Port paying back taxes
EAST LIVERPOOL – The Columbiana County Port Authority has paid delinquent property taxes on two different sets of property it is in the process of selling.
Port Authority attorney Tim Brookes reported at Monday’s board meeting the back taxes on their railroad property and on a parcel at their riverfront industrial park in Wellsville were paid to eliminate any possible impediments to both sales.
There is a tentative deal in place for Aqua Infrastructure LLC to purchase the former Youngstown and Southern Railroad from the Port Authority for $3 million, with the acquisition expected to be completed this summer. Aqua wants the run a waterline along the railroad right-of-way to transport water to oil and natural gas wells in the area.
The Port Authority also recently gave final approval for the sale of 3.6 acres at the Wellsville industrial park to Marathon Petroleum for $2.4 million as part of the company’s planned expansion to create a staging area/transfer station to transport oil and gas by barge.
The back taxes on the railroad and land being sold to Marathon property totaled $64,000.
Brookes said the Port Authority is currently reviewing the tax status of all 100-plus parcels of property it owns to determine which ones may be eligible for an exemption under the law.
“We’ll address the other parcels once we get these (railroad and Marathon properties) taken care of,” he said,
The issue of the Port Authority’s tax delinquencies came up at a recent meeting of county commissioners, where state Rep. Nick Barborak reported he was working on legislation to help government agencies and non-profit organization that owe back taxes.
Government agencies, churches and non-profit organizations are eligible for property tax exemptions but must prove they qualify. When these groups acquire a new piece of property they must file for an exemption, but many neglect to do so. When these groups eventually decide to file for an exemption, they must first pay what they owe, with the Ohio Department of Taxation refunding the money once the exemption is granted.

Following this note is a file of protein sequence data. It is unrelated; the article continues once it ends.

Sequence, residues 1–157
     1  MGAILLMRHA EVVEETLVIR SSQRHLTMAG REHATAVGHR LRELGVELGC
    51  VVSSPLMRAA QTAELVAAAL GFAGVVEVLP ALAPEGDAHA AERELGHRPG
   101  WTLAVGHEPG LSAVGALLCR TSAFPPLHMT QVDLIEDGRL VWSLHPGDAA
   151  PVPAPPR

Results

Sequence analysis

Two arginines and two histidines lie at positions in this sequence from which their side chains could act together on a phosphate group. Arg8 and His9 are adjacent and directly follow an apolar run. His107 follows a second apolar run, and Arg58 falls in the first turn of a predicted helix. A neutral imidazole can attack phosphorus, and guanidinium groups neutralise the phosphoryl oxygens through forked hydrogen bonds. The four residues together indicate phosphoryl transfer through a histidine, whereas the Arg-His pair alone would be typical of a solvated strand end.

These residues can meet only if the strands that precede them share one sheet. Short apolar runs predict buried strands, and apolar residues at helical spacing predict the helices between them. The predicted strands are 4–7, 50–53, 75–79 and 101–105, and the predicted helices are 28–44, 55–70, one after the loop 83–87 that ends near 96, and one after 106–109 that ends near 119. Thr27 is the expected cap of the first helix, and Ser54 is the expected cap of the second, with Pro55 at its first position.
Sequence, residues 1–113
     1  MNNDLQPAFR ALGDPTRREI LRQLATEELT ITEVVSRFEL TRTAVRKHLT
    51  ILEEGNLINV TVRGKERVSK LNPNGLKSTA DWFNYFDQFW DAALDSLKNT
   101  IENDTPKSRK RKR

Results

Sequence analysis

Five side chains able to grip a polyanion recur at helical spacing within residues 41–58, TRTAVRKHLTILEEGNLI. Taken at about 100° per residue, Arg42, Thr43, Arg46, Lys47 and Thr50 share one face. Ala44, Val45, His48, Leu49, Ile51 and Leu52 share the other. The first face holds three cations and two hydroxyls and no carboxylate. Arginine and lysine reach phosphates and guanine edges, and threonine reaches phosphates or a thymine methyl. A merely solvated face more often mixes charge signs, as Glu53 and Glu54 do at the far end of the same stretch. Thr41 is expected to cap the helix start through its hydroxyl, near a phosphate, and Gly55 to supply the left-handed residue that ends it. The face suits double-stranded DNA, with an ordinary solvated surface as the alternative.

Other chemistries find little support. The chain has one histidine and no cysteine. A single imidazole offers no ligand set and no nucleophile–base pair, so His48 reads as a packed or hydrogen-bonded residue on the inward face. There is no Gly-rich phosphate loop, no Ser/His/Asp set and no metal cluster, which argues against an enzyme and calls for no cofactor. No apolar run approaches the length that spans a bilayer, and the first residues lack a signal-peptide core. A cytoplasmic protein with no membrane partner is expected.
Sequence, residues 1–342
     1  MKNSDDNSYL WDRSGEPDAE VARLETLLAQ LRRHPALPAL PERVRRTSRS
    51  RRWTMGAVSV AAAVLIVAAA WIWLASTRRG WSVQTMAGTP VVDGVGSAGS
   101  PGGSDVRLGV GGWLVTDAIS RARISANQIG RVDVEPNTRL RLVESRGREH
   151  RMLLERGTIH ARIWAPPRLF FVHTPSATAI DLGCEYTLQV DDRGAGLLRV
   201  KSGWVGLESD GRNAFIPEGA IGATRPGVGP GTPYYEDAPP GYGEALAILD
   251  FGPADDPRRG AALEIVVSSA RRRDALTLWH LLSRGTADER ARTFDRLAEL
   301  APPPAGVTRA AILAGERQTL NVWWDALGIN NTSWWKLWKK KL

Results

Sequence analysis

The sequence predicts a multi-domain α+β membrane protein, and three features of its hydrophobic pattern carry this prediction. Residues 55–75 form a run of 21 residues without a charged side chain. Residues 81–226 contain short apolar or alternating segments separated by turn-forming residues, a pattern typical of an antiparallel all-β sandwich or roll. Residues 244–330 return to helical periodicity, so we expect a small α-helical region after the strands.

Commissioner and former Port Authority member Mike Halleck noted the Port Authority owed $706,992 in back taxes, and he suggested paying the debt owed on its non-exempt properties.
For most of the previous decade, Port Authority finances were stretched thin because of underperforming and failed projects. However, the organization’s economic fortunes have turned around in recent years because of the oil and natural gas boom underway in the region.
Port Authority Chief Executive Officer Tracy Drake said their review indicated some of the property was granted an exemption by the state, but they were still receiving property tax bills from the county.
“Some of the exemptions we received were not put on the books,” he explained.
An example would be the Port Authority’s industrial park in Leetonia, which was granted an exemption in 1998. Brookes said the Leetonia industrial park accounts for more than half the delinquent taxes owed by the Port Authority.
“That would constitute a large part of our arrearage, and we believe it is all exempt,” he said of the Leetonia property.